The editors of The New York Times Book Review selected what they believe to be the ten best books of 2014. The list is split in half, with five fiction books and five nonfiction books.dfsdfsdfs

At the top of the fiction list is All the Light We Cannot See by Anthony Doerr. Doerr’s second novel follows a blind French girl and a German boy who cross paths as they navigate life during World War II.

Also making the list is Phil Klay’s collection of stories, Redeployment.

b99cc9e0871dac46_fpi_largeRoz Chast’s book Can’t We Talk about Something More Pleasant? made the top of the nonfiction list. Chast discusses the topic of aging parents through comics, photographs, documents, and narrative.

Chast draws from her own experiences to tell the tales of coping with aging parents. She manages to brooch the topic with both comfort and comic relief.

Check out the list to see if your favorite book made the cut, or to maybe find a new favorite book!

Goodreads released its best books awards list

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Goodreads, a book recommendation site, has its users vote each year for the best books across 20 genres and posts the winner of each genre.

Goodreads editors nominate 15 books for each category, but users are allowed to write-in books they think were overlooked. The Goodreads Choice Awards racked in over 3 million votes.index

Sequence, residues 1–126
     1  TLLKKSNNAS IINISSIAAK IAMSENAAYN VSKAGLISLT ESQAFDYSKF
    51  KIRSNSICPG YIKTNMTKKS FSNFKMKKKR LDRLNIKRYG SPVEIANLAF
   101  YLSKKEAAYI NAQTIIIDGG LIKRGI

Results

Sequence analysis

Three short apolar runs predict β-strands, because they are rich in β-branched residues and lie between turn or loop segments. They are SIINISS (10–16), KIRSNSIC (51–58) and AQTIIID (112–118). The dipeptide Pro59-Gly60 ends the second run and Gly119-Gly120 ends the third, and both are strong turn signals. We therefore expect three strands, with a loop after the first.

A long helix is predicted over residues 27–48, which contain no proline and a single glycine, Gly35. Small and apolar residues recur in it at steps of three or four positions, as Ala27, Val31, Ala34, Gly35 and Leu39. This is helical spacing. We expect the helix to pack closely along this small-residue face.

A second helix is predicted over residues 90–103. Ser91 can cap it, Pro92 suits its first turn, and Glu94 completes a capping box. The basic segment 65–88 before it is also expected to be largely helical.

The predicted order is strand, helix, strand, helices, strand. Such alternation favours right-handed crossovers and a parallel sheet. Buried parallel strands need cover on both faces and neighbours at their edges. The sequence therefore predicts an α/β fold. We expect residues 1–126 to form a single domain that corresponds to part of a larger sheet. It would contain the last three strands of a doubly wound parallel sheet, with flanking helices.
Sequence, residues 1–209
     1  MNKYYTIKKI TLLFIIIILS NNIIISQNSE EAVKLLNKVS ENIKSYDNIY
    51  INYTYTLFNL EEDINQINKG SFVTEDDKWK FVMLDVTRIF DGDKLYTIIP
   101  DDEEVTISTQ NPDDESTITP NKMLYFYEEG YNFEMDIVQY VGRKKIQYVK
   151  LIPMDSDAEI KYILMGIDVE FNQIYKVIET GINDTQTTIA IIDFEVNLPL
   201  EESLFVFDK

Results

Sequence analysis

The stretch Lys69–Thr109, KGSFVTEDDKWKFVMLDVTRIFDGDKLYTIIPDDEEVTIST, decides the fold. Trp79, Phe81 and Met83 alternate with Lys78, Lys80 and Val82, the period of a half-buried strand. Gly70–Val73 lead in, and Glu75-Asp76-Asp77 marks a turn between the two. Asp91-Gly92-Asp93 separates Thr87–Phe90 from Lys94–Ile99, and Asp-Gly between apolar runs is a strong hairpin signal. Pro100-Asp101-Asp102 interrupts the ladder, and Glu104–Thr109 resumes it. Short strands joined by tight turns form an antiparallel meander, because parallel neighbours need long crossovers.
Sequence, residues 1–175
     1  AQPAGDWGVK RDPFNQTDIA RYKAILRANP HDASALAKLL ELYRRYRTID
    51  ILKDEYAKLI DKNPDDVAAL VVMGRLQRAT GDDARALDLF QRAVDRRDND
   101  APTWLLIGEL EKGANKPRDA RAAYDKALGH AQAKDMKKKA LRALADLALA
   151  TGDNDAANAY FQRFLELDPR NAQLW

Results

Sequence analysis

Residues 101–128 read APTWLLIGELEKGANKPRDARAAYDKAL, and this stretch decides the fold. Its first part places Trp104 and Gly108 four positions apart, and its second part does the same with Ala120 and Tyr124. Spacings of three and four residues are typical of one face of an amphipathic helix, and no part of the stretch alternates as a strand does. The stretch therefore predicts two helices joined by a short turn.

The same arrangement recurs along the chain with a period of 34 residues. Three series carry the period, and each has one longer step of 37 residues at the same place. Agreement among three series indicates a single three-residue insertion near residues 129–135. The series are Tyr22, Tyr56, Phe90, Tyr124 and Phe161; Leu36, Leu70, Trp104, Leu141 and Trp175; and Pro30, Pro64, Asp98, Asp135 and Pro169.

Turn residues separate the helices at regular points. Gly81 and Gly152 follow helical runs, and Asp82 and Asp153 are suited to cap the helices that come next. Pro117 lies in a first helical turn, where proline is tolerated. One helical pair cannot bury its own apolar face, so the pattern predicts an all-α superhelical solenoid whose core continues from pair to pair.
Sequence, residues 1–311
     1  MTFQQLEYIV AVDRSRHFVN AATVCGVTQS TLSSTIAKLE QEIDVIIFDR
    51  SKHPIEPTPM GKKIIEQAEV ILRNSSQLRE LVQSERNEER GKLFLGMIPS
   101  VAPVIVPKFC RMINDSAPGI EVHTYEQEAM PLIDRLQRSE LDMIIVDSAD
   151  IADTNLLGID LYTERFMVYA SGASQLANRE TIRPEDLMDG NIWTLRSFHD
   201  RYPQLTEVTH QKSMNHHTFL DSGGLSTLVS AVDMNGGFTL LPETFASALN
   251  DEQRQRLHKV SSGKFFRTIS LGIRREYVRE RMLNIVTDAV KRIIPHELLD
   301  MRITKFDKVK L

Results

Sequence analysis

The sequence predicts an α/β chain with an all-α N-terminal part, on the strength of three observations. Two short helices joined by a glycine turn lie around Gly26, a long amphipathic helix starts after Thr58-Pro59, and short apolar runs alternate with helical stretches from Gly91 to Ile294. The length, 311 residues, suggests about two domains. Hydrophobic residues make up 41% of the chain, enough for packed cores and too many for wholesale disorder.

Rainbow Rowell won for best fiction book by more than 10,000 votes with her novel Landline. Rowell’s book follows married couple Georgie and Neal as they try to close the distance that has come between them.

Mr. Mercedes by Stephen King won Mystery & Thriller by only 419 votes. Robert Galbraith came in a close second with The Silkworm.

A1FCyxvHfaLFantasy was swept away by The Book of Life by Deborah Harkness, which won by more than 20,000 votes. This is the third and final installment of Harkness’ All Souls Trilogy.

I encourage everyone to check out the list. What’s so great about it is that the books are chosen by fellow readers, so you’re more likely to find a book that you connect with.

Goodreads also shows that books that did not win, in descending order of votes, so you can check out where your favorite books landed or just pick up some new books to read.

Marine wins National Book Award

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The National Book Awards were held on Nov. 19 and a former marine won the award for fiction.

Phil Klay, a former marine, won the National Book Award for w-3pckxzfiction with his book of short stories, Redeployment. Klay’s short stories come from his experience from serving as a Marine in Iraq.

“What do you do when you’re trying to explain in words, to the father of a fallen Marine, exactly what that Marine meant to you?” Klay said in his acceptance speech.

Although the stories are drawn from Klay’s experiences, they are all fiction. Some stories are set in Anbar Province where soldiers are fighting, and others are set in the U.S. where they try to acclimate to civilian life again.